“Too Big To Fail” is a theory that is defined as the incident wherein financial institutions become so large, connected and inter-dependent, that a failure of one of these institutions would result in economic failure. The theory thereby underscores the importance of government intervention whenever these financial institutions face difficulty. The term “Too Big to Fail” was first used in 1984 by United States Congressman Stewart McKinney. Congressman McKinney used the term to describe the intervention of the Federal Deposit Insurance Corporation, a US government financial agency, with the affairs of Continental Illinois. Continental Illinois was one of the largest banks in the United States which failed in the 1980s, necessitating a takeover by the Federal Deposit Insurance Corporation. Because of its size, the US government had to intervene through a cash infusion, reported to be about US$ 4.5 billion .
The theory is based on the belief that some institutions are so important, that their failure will result in more serious financial and economic problems for their countries. This belief is supported by some economic theories. For example, the economic scale of banks and other private institutions are big enough to be effective in implementing economic management policies. The impact of their effect is seen by some economists to be significant and therefore enough of a justification for government intervention to prevent any risk of collapses . Supporters of the theory liken it to sovereign states that are large enough such that any thought of their failure would be catastrophic to the global economy.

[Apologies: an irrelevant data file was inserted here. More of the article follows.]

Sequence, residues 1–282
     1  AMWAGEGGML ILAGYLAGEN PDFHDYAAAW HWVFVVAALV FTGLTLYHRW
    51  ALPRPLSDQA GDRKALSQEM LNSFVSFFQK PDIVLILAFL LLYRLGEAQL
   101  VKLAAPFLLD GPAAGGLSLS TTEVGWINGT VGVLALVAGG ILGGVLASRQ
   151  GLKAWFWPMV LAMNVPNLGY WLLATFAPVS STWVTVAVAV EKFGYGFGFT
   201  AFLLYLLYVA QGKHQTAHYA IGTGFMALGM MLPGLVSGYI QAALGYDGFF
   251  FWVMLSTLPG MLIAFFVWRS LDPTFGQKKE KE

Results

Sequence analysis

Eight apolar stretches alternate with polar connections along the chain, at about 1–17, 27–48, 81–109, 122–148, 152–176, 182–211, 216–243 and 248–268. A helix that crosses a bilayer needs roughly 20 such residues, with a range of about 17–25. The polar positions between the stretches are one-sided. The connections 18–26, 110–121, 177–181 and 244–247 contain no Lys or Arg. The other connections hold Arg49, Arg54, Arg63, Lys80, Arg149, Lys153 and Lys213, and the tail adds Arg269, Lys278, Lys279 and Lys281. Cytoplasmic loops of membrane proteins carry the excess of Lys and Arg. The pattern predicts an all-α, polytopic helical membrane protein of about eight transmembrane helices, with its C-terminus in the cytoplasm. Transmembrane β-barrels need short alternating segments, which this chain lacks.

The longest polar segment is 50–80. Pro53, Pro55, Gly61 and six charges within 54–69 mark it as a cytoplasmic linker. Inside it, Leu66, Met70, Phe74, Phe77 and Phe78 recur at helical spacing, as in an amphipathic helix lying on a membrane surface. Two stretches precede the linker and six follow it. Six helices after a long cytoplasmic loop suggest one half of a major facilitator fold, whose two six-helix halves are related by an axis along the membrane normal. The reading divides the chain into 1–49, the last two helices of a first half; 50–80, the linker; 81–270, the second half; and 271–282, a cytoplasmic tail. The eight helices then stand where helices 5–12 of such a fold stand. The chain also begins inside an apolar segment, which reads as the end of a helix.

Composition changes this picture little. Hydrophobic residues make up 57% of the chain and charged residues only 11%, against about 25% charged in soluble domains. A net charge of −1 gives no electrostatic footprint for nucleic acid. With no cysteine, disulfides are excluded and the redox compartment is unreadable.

Critics of the theory say that government intervention for private company failures is morally hazardous. They state that a company that knows it will benefit from protective government policies will deliberately take risky positions. This critique of the “Too Big to Fail” theory was highlighted in the recent global financial crisis, wherein the US government had to bail-out financial institutions that were erroneously, if not maliciously managed. Critics add that continued proliferation of this approach will result in loss of productivity and economic efficiency. There is a very large group supporting the dissolution of this approach, saying that if an institution is too big to fail, that institution is just too big . Until today, this problem has not been dealt with, with finality .
The fundamental issue of the “Too Big to Fail” argument is due to the size, complexity and interconnectedness of banking institutions. A failure of one of these financial institutions will bring about a domino effect that cannot be ignored. US banks for example, have assets of about US$9,576 billion (as of 2012) or about 59% of the US Gross Domestic Product. Of all these banks, about 5 control approximately 30% of the total banking assets. Thus, one of these five failing would result in serious issues for the other four and ultimately the US economy. These banks are recipients of large deposits from individuals, a large economic component for investments and money management. About 10 US banks hold approximately 50% of all US deposits in 2011, thus bearing significant size and importance.
The United States Federal Government decided that best approach to managing the risks associated with size, complexity and interdependence is through stricter regulations. In 2010, the US government ratified the Dodd-Frank Act. This law was enacted to help strengthen the regulatory framework for financial services, through the creation of better risk-management metrics such as lower leverage ratios, higher capital asset ratios, retention of sellable assets, a ban on proprietary trading which uses customer deposits, and the prohibition of banks from entering into lines of businesses that were unrelated to their fundamental purpose. All of these measures are projected to provide adequate protection that would prevent another catastrophic financial meltdown.
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McKee, Michael and Scott Lanman. Greenspan Says U.S. Should Consider Breaking Up Large Banks. 2009. 17 May 2014 <http://www.bloomberg.com/apps/news?pid=newsarchive&sid=aJ8HPmNUfchg>.
Washington Blog. Top Economists and Financial Experts Say We Must Break Up the Giant Banks. 2013. 17 May 2014 <http://www.ritholtz.com/blog/2013/03/top-economists-and-financial-experts-say-we-must-break-up-the-giant-banks/>.
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